50 Death of Edessa's King Abgar V. According to the early church historian Eusebius (c. 260-340), King Abgar V (BC 4–AD 50) of Edessa had written to Jesus asking Him to come and heal him and Jesus had replied to Abgar by letter promising that after His resurrection He would send one of His disciples to Edessa to heal Abgar and preach the Gospel. According to Eusebius, Thaddeus, one of the Seventy (Lk 10:1-17), did go to Edessa, healed Abgar V [Left: 10th century depiction of Abgar V receiving the Mandylion (the Shroud four-doubled) from Thaddeus (see future "c.945")], and commenced Christianity there. While historian J.B. Segal (1912–2003), considered that this account "may well have a substratum of fact," he regarded the part of it about the exchange of letters between Abgar V and Jesus, which Eusebius had personally read in Edessa's archives [see future "325"], was a "pious fraud," which unknown to Eusebius had been inserted into Edessa's archives in the time of Abgar VIII (177 to 212), who was the first Christian king of Edessa (see "177"). But as will be seen, Eusebius' account says nothing about Abgar V being healed by an image of Jesus on a cloth, which (as we shall see, and see above) later versions of the Abgar V story do say. The pilgrim Spanish nun Egeria in c.384 recorded that she had seen the text of Jesus' letter to Abgar V affixed to Edessa' city gate [see future "c. 384"].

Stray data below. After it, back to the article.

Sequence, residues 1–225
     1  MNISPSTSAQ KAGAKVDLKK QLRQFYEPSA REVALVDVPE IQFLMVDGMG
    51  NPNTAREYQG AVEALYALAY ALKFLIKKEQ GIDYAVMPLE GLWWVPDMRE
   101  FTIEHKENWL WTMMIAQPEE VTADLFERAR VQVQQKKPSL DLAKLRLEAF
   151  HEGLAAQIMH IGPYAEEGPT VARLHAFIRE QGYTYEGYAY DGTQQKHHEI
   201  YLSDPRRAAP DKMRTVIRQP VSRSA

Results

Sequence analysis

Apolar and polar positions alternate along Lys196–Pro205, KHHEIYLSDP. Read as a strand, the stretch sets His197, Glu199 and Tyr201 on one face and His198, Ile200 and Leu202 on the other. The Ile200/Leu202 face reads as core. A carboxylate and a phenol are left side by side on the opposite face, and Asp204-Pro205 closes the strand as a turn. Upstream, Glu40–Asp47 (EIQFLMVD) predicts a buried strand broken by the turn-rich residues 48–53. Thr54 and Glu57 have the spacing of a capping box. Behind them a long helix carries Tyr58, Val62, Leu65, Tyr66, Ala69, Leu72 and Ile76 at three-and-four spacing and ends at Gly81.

57 Death of Ma'nu V (r. 50–57), son of Abgar V, who had succeeded him as king of Osroene, the capital city of which was Edessa. Ma'nu V is succeeded by Ma'nu VI (r. 57–71).

c. 60 According to the 945 "Official History of the Image of Edessa" [see 25Apr16], King Ma'nu VI reverted to paganism and persecuted Edessa's Christians. To ensure the safety of "the likeness of our Lord Jesus Christ not made by hand" which had been fastened to a board and embellished with gold, i.e. the Mandylion (the Shroud "four-doubled" = tetradiplon), was supposedly bricked up above the public gate of Edessa, where it had previously laid, and then was completely forgotten for almost five centuries until its discovery after another major flood in 525 [see "525"]. However, this story is most implausible (did Ma'nu VI, or none of his officials, not notice, nor suspect, that the Mandylion they were seeking to destroy, was where it had previously been but only behind fresh brickwork?), and is more likely a "pious fraud" to give the Mandylion/Shroud, which is known in Edessa only from 544 [see "544"], a false back-history to the time of Jesus.

Continued in part #2, "2nd century," of this series.

1. This post is copyright. Permission is granted to quote from any part of this post (but not the whole post), provided it includes a reference citing my name, its subject heading, its date, and a hyperlink back to this page. [return]

Posted: 24 July 2016. Updated: 25 March 2017.


Stephen E. Jones said...


>What is the source of the first picture? The painting of the shroud.

As it says: "[Right: `The Holy Shroud, by G.B. della Rovere (1561-1627)]"

Stephen E. Jones
MY POLICIES. Comments are moderated. Those I consider off-topic, offensive or sub-standard will not appear. Except that comments under my latest post can be on any Shroud-related topic. I normally allow only one comment per individual under each one of my posts.

Kyle Wright said...

Bah, sorry. Anyway, enjoying the blog, keep it up.

Stephen E. Jones said...


>Bah, sorry.

It was easy to miss.

Anyway, enjoying the blog, keep it up.


Stephen E. Jones